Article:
“Since we launched [the BID] seven years ago, we have been a rapidly developing neighborhood in one of the most thriving, sought-after cities in the U.S.,” said Leone. “It is time for our brand to reflect all that Ballston has to offer and to communicate that ‘life is full’ right here.”
In addition to the new signs, the BID’s new branding is now adorning the rear ad panels of Metrobuses that service the neighborhood.
The BID operates as a nonprofit, funded from a commercial property tax surcharge, serving Ballston businesses and residents via everything from community events to park maintenance. Upcoming projects proposed in the BID’s $1.5 million Fiscal Year 2020 budget include:
- Establishing a digital business resource center in coordination with Arlington County and Arlington Economic Development.
- Exploring collaboration opportunities between Ballston Quarter and the Washington Capitals.
- Coordinating a Ballston holiday market.
- Developing a landscaping and signage proposal for the Route 66 gateway on Fairfax Drive.
‘Moderate Drought’ in Arlington — “A significant lack of rainfall and unusual late season heat has led to flash drought conditions across a large portion of the area.” [Twitter]
Extended Closures Expected at Local Metro Stations — “The next round of work is scheduled to include platform repairs and other station upgrades at Vienna, Dunn Loring, West Falls Church, East Falls Church, West Hyattsville, Prince George’s Plaza, College Park and Greenbelt…. In summer 2021, Metro plans closures or long-term single tracking… at Arlington Cemetery on the Blue Line in Virginia; and Reagan National Airport on the Blue and Yellow Lines.” [WTOP]
MoCo Worried About Being Lapped By N. Va. — “Ten jurisdictions – Arlington, Fairfax, Fauquier, Loudoun and Prince William counties and Alexandria, Fairfax, Falls Church, Manassas and Manassas Park cities – are teaming up to market themselves to employers… If these jurisdictions can truly put aside their own rivalries and form a bona fide joint marketing authority, this will be a big problem for suburban Maryland – and especially Montgomery County.” [Bethesda Magazine]
Beyer Champions Ranked Choice Voting Bill — “‘Ranked choice voting can play a significant role in addressing our hyper-partisan, polarized political environment by discouraging negative campaigning and promoting majority support’ said Congressman Don Beyer about… the Ranked Choice Voting Act (HR 4464).” [Press Release]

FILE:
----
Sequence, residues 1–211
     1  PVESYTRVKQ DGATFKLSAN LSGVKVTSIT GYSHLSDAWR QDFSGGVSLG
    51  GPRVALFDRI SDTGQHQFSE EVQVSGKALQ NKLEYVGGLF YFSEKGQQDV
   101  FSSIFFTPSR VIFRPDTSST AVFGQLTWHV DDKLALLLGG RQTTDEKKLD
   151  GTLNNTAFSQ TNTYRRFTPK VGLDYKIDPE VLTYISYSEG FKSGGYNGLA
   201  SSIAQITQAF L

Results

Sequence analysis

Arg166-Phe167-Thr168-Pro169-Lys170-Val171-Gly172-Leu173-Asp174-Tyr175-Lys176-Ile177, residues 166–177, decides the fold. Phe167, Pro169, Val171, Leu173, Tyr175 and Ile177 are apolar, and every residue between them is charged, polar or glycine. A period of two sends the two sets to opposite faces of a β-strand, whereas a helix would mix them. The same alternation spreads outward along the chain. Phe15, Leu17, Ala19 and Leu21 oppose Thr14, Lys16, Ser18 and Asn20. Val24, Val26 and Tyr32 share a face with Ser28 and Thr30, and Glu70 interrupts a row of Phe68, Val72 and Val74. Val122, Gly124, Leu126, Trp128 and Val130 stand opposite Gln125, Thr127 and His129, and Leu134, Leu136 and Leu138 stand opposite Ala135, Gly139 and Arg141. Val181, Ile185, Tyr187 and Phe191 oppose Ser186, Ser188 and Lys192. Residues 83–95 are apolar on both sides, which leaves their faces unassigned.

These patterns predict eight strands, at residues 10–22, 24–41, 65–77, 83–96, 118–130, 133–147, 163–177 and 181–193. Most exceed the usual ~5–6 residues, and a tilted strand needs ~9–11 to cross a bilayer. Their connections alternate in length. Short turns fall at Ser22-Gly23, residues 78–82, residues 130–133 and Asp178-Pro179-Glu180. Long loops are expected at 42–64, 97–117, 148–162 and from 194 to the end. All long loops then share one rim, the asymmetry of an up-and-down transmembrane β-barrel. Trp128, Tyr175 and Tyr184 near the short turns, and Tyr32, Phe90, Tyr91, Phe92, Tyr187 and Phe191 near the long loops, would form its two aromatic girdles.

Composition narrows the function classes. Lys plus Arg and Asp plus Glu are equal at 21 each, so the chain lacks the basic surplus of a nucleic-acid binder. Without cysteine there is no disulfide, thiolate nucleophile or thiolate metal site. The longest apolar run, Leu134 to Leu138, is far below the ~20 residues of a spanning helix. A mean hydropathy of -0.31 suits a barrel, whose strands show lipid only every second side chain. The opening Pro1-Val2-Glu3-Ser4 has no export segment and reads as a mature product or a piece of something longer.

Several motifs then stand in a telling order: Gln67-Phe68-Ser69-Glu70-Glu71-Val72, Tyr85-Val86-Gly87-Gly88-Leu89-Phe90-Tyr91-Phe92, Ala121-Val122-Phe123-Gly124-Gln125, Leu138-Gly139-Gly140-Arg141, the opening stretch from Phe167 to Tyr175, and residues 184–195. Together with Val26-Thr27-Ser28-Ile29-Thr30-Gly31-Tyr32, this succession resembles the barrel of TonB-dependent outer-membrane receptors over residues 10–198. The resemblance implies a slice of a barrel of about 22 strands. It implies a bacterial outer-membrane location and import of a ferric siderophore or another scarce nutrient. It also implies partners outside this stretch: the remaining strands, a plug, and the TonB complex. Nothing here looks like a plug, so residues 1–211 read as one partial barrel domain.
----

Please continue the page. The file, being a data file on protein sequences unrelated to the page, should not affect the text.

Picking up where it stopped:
Real Estate Investor Expects Rent Increases — “‘We believe Amazon’s decision to establish Northern Virginia as its East Coast headquarters location will drive significant future rent growth in nearby markets such as Falls Church and beyond,’ said Blackfin Co-Founder and managing partner Doug Root.” [Press Release]
Flickr pool photo by Tom Mockler
A tech company specializing in the creation of blockchain software has selected Arlington County for its U.S. headquarters, beating out a competing bid from D.C.
Virginia Gov. Ralph Northam (D) announced the economic development win today, saying that the company — Block.one — plans to create 170 new high-skill jobs in Arlington over the course of three years.
“The Virginia Economic Development Partnership worked with Arlington County to secure the project for Virginia,” noted a press release from the governor’s office. “Governor Northam approved a $600,000 grant from the Commonwealth’s Opportunity Fund to assist Arlington County with the project. The company is also eligible to receive a Major Business Facility Job Tax Credit for new, full-time jobs created.”
A press release from the company quotes the CEO as saying the region’s tech talent helped attract it to Arlington.
“We are excited to be setting up Arlington, Virginia as our U.S. headquarters,” said Block.one CEO Brendan Blumer. “The region boasts a rich combination of security, engineering, and IT skills that we seek, and its proximity to the nation’s capital positions us close to the policy innovation around digital assets and distributed ledger technology in the U.S.”
Though the prospect of even more high-paying jobs in Arlington, on top of the thousands on the way at Amazon’s new HQ2, may seem like a big win, it should be taken with a tiny grain of salt: the best-laid tech plans do not always pan out. The 1776 incubator that came to Crystal City in 2015 amid much fanfare is closing, for instance, and then-Gov. Terry McAuliffe’s announcement of 184 new jobs being added by tech firm Trustify has not borne fruit — the company is in bankruptcy and facing numerous lawsuits.
The full press release from the governor’s office is below, after the jump.
Owners of mixed-use buildings in Arlington are struggling to find tenants for ground floor retail space, and instead have been seeking permission to fill the space with other uses.